That’s the “job” we titled “Recording Secretary” – the job for which we wondered, “Can we find a volunteer?”

Oh my, how often we all do this! We think of finding someone who will do something for us, rather than someone who wants to partner with us to create something that is so much bigger than the sum of the parts. This is not a mundane drudgery that we (Creating the Future) must hope and pray someone (a volunteer) is willing to suffer through on our (Creating the Future’s) behalf.

It is instead an amazing opportunity to learn together, to be part of the process, to help document that process in a way that engages others to want to engage even more, in the broadest possible sense – to build something together that none of us can do on our own!

Board Documentarian
As we start to explore and eventually promote this opportunity, we will obviously need to be clear about all of our mutual expectations. I’m hoping you all will help by adding to this list.

Creating the Future’s Wish List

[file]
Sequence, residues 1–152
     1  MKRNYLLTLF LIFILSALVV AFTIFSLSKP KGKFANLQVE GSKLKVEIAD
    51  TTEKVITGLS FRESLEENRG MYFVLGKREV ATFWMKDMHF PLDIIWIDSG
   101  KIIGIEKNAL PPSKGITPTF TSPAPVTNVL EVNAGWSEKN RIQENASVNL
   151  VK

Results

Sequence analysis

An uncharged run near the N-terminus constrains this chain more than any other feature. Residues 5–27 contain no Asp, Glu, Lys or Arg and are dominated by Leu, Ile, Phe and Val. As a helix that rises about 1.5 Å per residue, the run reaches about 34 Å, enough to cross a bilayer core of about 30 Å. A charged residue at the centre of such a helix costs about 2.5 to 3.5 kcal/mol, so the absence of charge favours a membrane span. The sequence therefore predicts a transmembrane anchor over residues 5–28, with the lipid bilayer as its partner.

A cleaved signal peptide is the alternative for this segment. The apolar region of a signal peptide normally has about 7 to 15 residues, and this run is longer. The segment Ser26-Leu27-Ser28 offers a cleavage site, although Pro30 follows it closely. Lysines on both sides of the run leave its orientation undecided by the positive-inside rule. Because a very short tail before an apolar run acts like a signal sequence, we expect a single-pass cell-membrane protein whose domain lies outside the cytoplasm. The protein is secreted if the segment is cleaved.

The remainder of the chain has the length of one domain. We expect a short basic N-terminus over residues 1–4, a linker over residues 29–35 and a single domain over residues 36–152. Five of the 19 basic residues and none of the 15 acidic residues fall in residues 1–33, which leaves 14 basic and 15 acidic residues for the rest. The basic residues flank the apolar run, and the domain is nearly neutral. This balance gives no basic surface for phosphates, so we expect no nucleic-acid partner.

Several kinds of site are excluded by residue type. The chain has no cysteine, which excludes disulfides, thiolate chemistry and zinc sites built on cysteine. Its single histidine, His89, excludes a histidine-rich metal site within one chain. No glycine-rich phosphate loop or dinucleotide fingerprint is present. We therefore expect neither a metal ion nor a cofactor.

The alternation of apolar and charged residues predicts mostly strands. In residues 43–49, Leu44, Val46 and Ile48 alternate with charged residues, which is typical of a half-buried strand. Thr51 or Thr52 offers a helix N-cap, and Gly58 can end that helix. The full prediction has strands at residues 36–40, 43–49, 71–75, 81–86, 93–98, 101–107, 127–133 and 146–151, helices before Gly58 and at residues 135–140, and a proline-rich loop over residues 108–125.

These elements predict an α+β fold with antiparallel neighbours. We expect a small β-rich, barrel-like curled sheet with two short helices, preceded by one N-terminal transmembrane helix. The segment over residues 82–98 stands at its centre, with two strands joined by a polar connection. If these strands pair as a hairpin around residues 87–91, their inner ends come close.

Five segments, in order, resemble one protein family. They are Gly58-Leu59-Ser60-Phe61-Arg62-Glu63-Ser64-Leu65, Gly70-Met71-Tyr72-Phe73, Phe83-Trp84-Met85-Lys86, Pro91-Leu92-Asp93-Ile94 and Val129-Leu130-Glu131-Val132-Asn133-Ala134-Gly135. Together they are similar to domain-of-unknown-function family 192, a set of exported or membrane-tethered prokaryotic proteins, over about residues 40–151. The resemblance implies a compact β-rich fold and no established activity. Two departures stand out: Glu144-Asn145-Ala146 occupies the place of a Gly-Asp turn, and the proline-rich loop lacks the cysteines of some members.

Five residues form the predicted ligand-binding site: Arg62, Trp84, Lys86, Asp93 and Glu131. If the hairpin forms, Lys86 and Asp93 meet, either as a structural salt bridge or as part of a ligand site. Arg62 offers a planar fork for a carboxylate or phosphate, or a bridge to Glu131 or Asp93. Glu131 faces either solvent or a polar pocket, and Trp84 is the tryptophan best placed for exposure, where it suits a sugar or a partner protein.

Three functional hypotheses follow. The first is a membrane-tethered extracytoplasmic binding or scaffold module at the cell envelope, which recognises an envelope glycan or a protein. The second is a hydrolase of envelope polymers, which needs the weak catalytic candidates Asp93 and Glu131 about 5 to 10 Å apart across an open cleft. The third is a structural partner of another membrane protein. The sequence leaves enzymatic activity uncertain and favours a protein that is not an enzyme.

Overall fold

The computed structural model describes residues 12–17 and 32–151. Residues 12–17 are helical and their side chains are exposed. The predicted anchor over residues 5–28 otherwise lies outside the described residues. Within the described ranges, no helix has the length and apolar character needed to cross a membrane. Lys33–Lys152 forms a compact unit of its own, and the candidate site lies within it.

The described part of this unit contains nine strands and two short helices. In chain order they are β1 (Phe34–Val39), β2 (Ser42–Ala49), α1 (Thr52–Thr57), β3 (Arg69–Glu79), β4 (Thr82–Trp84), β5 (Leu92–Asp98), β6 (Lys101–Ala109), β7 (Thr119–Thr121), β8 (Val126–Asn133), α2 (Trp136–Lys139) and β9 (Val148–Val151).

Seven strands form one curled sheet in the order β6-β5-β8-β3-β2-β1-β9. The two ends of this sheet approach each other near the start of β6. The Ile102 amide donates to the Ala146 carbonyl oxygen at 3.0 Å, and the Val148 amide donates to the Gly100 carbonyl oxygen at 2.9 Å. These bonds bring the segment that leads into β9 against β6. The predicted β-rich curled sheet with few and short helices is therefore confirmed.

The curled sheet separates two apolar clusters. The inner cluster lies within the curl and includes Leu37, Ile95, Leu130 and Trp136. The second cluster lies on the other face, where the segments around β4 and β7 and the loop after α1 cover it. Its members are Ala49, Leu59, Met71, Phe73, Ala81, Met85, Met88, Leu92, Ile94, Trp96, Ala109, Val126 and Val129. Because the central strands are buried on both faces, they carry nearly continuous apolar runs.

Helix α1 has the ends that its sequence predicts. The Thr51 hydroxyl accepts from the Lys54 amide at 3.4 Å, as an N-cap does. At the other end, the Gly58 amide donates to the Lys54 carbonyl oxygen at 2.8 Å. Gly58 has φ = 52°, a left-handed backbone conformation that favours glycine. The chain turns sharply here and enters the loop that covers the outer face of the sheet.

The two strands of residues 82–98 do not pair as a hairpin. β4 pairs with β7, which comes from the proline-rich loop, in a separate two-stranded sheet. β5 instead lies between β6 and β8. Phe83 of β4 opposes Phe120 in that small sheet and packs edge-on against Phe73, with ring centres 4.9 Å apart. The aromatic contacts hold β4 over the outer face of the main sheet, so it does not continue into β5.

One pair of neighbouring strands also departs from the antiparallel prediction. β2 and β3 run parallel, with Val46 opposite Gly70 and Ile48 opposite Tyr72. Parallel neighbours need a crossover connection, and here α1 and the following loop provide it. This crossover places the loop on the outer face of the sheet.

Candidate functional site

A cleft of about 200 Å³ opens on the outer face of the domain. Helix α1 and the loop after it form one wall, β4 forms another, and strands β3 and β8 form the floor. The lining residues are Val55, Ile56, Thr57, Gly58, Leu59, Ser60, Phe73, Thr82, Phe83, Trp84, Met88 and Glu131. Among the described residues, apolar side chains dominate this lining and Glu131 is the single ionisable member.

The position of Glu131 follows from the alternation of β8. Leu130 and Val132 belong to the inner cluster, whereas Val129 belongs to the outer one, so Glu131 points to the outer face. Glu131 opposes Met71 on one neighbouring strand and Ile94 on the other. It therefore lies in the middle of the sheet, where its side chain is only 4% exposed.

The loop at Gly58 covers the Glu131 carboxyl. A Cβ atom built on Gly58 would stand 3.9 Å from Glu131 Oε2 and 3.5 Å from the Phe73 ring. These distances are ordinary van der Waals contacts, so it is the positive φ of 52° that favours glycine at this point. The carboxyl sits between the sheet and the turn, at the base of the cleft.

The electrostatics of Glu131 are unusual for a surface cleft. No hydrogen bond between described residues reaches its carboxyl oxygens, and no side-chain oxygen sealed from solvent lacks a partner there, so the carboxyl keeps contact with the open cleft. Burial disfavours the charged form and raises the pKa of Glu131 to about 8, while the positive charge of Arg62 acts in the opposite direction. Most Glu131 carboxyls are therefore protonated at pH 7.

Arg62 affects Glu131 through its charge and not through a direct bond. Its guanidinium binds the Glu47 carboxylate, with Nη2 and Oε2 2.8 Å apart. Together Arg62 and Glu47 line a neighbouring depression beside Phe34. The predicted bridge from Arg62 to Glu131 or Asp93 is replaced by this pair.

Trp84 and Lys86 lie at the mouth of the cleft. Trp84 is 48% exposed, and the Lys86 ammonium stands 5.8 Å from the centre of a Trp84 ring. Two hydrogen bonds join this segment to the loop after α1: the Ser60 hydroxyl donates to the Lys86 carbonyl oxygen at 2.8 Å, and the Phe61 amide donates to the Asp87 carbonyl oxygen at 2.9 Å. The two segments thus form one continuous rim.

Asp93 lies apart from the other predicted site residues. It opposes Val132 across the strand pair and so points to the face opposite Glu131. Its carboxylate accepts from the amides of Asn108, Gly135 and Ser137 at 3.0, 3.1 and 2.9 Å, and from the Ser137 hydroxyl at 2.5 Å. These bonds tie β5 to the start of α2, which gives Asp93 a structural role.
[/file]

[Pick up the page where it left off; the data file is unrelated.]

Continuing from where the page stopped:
• Someone who is knowledgeable about boards and governance, who is excited to be part of this emerging governance practice

• Logistics: We will train in the thought framework the board uses for its discussions, to ensure the minutes reflect that context and path

• Logistics: Attend each meeting (virtually); take notes during the meeting (once the meetings are recorded, this will be less important); shape those notes into key points, gathering stray threads into a coherent distillation of the discussion; post minutes to the website.

• Logistics: We would probably want someone to be willing to commit to a full year with us, after which we would also probably want their help in crafting the job description for the next person!

• What else? _______________________________

Documentarian’s Wish List
• Immersion in 2 hours/month of in-depth thinking and exploration, watching cutting edge governance theory being made practical